• Identify any aspects of key working provision that may require additional funding, and consider how this will be provided. Where multi-agency funding is provided, this can promote the sense of ownership and participation across different services. Accountability Key working practitioners need to understand the accountability of their role, to the families they work with along with their professional responsibility, and be aware of accountability of other services involved in the TAC. This is particularly highlighted when fulfilling statutory duties such as preparing EHC plans. Cross service agreements and integrated management can support key working and help to ensure that lines of accountability are clear and maintained.
  • Ensure that accountability pathways are in place and communicated clearly to all TAC members.
  • Local context It is vital for key working to be well adapted to the local context and to work with, and enhance, the existing statutory and PVI services. Key working practitioners need to know what is available for families and how to access support, drawing on the local offer. It is also important for services to identify and understand the varied needs of the families in their area, for example regarding cultural expectations and potential interpretation support. There can be confusion about the terms ‘key worker’and ‘key working’. In some areas, there are practitioners who fulfil key working functions without this term being used, for example, ‘lead professionals’. There can be important differences in the level of support that is provided, for example lead professionals typically focus on coordination and are less likely to provide emotional support. If a lead professional feels that a family would benefit from more intensive support, they could help to ensure that a fuller range of key working functions is provided. 21 Key working may also exist in local areas for meeting needs other than SEND, for example family nurse partnership services and mental health services. Where appropriate, there will be benefits in SEND key working practitioners coordinating with these different services.
  • Consider the range of ways in which key working functions are already delivered in your area, how these could be extended and how these can work most effectively with each other. Useful sources of information CCNUK. (2009). Care Co-ordination Network UK Key Worker Standards. York: Care Coordination Network UK.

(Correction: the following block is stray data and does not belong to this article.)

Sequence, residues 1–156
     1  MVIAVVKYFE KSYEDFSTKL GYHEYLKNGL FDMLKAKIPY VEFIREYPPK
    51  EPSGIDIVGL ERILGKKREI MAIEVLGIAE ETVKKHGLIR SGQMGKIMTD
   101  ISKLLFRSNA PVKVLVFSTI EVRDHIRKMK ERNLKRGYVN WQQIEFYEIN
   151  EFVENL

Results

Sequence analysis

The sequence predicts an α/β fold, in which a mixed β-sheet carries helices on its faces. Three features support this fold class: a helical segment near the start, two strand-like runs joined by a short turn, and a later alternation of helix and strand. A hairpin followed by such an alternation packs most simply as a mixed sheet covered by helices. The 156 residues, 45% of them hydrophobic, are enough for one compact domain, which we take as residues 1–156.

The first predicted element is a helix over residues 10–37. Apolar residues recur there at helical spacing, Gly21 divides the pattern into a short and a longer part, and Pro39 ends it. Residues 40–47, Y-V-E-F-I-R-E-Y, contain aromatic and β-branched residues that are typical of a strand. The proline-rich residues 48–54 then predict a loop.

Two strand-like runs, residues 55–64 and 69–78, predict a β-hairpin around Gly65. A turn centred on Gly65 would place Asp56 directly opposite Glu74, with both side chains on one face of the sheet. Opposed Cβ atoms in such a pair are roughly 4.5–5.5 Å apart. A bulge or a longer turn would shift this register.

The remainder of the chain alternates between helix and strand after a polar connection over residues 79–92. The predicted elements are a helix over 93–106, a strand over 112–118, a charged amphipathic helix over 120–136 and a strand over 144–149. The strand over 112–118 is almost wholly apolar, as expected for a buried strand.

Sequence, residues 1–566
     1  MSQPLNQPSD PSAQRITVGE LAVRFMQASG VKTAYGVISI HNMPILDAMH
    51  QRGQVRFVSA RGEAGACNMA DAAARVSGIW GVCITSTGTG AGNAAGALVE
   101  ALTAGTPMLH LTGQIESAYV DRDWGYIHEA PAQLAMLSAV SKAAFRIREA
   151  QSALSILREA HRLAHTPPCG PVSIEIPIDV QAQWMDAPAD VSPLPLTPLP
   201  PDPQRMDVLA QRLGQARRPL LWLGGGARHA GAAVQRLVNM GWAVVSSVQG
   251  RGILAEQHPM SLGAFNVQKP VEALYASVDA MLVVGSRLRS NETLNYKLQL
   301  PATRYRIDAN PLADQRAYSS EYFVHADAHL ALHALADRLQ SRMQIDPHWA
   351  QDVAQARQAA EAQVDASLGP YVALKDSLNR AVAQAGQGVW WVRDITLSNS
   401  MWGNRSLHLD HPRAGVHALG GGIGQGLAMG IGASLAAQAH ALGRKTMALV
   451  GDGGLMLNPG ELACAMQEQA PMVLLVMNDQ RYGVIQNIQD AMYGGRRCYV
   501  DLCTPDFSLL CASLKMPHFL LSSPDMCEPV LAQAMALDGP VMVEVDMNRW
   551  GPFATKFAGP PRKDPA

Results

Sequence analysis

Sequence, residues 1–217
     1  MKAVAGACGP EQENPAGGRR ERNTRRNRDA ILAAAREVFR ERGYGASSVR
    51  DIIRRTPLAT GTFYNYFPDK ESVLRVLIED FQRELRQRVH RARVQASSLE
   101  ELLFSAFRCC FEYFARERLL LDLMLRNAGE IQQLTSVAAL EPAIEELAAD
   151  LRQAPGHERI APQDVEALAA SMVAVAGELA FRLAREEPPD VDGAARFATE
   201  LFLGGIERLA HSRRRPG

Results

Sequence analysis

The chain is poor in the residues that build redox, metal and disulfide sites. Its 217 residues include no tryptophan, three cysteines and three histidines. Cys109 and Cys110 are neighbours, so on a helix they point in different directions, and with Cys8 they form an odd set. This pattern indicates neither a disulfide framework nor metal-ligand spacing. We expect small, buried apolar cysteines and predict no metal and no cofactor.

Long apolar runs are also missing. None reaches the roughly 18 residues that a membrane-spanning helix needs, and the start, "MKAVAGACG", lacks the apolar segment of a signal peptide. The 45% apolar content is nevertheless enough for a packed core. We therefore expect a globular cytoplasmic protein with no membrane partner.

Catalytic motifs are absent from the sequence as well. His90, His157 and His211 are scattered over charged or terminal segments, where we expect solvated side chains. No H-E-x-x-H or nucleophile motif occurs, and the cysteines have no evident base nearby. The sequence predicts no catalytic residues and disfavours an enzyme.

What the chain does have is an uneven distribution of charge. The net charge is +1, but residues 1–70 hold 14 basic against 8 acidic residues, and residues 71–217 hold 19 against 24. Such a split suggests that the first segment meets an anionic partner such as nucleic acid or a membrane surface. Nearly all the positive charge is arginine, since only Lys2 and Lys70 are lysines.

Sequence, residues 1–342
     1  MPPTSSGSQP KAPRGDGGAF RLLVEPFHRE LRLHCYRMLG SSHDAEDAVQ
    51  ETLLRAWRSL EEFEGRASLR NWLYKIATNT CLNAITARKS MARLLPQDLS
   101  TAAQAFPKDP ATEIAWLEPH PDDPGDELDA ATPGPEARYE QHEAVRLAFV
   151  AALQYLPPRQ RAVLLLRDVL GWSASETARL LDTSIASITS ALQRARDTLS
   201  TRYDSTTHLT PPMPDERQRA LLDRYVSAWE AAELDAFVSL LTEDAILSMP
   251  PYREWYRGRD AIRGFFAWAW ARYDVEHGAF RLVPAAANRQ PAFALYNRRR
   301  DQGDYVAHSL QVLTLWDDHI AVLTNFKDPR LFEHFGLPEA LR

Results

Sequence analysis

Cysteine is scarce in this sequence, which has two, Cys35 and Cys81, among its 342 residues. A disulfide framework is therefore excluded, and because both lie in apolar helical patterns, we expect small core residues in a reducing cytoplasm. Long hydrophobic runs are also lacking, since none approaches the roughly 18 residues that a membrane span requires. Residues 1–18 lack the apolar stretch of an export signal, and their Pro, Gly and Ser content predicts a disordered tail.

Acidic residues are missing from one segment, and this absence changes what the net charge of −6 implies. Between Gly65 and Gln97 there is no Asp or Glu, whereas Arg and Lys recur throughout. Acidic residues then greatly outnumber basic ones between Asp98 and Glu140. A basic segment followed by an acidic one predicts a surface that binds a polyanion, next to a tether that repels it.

Early Support. (2012). Information about the people you may meet. Available from http://www. port/resources/ information-resources Early Support. (2012). Key working: improving outcomes for all. Available from http://www. port/key-working Every Disabled Child Matters. (2012). Unlocking key working: information and transparency for families with disabled children. Available from amilies-withdisabled-children Greco, V., Sloper, P ., Webb, R., & Beecham, J.

(2005). An exploration of different models of multi-agency partnerships in key worker services for disabled children: Effectiveness and costs. Research report RR656. Nottingham: Department of Education and Skills. Available from Mukherjee, S., Sloper, P ., Beresford, B., Lund, P ., & Greco, V. (2006). A resource pack: Developing a key worker service for families with a disabled child. York, UK: CCNUK. Available from http:// KIDS (2012). The development of key working for disabled children. Available from http:// Townsley, R., Watson, D., & Abbott, D.

(2004). Working partnerships? A critique of the process of multi-agency working in services to disabled children with complex health care needs. Journal of Integrated Care, 12(2), 24-34.

  • 22 5b. Support and management Clear roles and responsibilities It is important that key working practitioners have clearly and explicitly defined roles, and so it is recommended that key working functions are routinely included in job descriptions for all practitioners who may take on key working responsibilities. It is also recommended that the role is clearly explained to families, so they have realistic expectations of what to expect.
  • Produce a clear description of key working duties for practitioners, and also communicate this to families. Administrative support Key working practitioners and managers highlight the crucial need for administrative support for tasks such as typing and circulating minutes from meetings, and contacting practitioners about upcoming TAC meetings. This is particularly important for non-designated key working practitioners as they may not otherwise have sufficient time available to fully meet their key working responsibilities.